The Bar

Rebecca Priestly

As highlighted in previous issues of fivehundred, the backgrounds and experiences of chambers chief executives are broad and varied; they come from the traditional clerking ranks, the armed forces, the public sector, education, marketing and advertising, and, yes, the legal profession itself. Rebecca Priestley comes from the latter, but unlike her contemporaries she has held …

Don’t be afraid of ‘coming out’

Diversity and inclusion

illustration of opening curtains to rainbow

As part of Pride Season, Daniel Gerring, head of pensions at Travers Smith and a founding members of The Law Society LGBT+ Lawyers Division Committee, shares his thoughts on the progress of inclusion in the legal profession

How would you rate the legal profession on LGBT+ inclusion? What more needs to be done? We have made enormous strides on rights for and attitudes towards LGBT+ people over recent years and I feel incredibly lucky to be living in the UK at this time. But challenges remain. A random sample might include: outright …

Latham & Watkins and Kirkland & Ellis lead the pack

Editors’ views

US rankings editor Ian Deering deep dives into the brand new United States rankings to highlight the best performing firms of the past 12 months

Chalk up another completed guide. Now in our 12th year covering the US market, The Legal 500 United States has matured and expanded in line with its impending teens, with well over 300 leading firms earning a ranking in the 2019 guide. The past year saw some significant firm mergers, partner moves, and, on our …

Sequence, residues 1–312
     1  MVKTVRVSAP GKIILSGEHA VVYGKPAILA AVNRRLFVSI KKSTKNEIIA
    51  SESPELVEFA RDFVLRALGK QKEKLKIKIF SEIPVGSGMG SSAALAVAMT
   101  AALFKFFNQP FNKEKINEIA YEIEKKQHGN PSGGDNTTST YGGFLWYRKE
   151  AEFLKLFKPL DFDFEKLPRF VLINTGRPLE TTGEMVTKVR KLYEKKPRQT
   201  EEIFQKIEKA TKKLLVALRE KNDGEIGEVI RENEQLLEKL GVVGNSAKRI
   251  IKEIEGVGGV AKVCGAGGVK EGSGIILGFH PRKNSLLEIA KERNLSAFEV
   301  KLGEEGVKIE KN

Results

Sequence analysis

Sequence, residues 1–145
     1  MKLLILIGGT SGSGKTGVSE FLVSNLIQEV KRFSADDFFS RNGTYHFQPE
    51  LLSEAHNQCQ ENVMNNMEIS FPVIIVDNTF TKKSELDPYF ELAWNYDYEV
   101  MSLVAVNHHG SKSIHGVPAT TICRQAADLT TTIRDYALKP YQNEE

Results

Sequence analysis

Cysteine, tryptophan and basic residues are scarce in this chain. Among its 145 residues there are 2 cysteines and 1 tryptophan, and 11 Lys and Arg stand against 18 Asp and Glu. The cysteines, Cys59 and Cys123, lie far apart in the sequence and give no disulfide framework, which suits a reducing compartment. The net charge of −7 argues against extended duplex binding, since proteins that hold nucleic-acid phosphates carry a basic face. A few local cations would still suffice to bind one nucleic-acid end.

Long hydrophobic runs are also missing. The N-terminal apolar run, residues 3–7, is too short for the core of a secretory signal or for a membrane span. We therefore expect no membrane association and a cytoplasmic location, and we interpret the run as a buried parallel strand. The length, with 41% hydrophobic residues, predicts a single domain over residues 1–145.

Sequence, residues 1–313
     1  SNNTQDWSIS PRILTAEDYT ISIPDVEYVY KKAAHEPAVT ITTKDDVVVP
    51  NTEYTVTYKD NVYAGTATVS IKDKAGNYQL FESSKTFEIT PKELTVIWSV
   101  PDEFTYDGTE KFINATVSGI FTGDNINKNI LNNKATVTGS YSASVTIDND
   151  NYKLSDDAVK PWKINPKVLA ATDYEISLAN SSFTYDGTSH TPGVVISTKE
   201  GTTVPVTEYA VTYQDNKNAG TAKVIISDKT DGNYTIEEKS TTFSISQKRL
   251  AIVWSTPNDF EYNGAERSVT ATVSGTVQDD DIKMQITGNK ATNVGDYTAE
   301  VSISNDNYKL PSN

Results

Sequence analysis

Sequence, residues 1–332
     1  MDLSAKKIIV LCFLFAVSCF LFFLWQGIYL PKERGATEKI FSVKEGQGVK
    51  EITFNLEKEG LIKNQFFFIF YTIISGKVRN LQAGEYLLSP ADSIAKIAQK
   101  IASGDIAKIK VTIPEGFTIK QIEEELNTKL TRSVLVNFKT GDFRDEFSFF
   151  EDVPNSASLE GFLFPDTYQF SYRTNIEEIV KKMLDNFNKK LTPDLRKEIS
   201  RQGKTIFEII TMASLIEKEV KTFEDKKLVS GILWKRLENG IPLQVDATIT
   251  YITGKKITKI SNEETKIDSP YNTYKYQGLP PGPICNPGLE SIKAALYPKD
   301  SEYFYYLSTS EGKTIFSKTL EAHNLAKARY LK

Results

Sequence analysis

Ready for take-off

Interview with: Dorothy Cory-Wright

The former barrister, now Dechert’s head of disputes in London, talks about her firm’s recent growth, lateral hires, cost control in litigation, and peer recognition

What have been your greatest personal/professional achievements to date and why? Professionally, the many cases where we made new law, seeing the inner workings of a great banking institution through advising the Monitor on HSBC, and leading the investigation for the FIA stewards into Crashgate at the 2008 Singapore Grand Prix; uncovering what The Times …

Is funding defendants the future of disputes?

Editors’ views

illustration of hand holding dollar sign

Litigation funding has secured a place in the US disputes landscape, yet questions remain about the benefits – and future – of third-party involvement, writes Laura Pollard

Despite initial reluctance from corporates and law firms, litigation funding has become a more accepted feature of the US commercial litigation landscape, although it has only been largely embraced by plaintiffs thus far. That, however, may be about to change as funders are expected to step up their pursuit of defendants. Litigation funders provide all …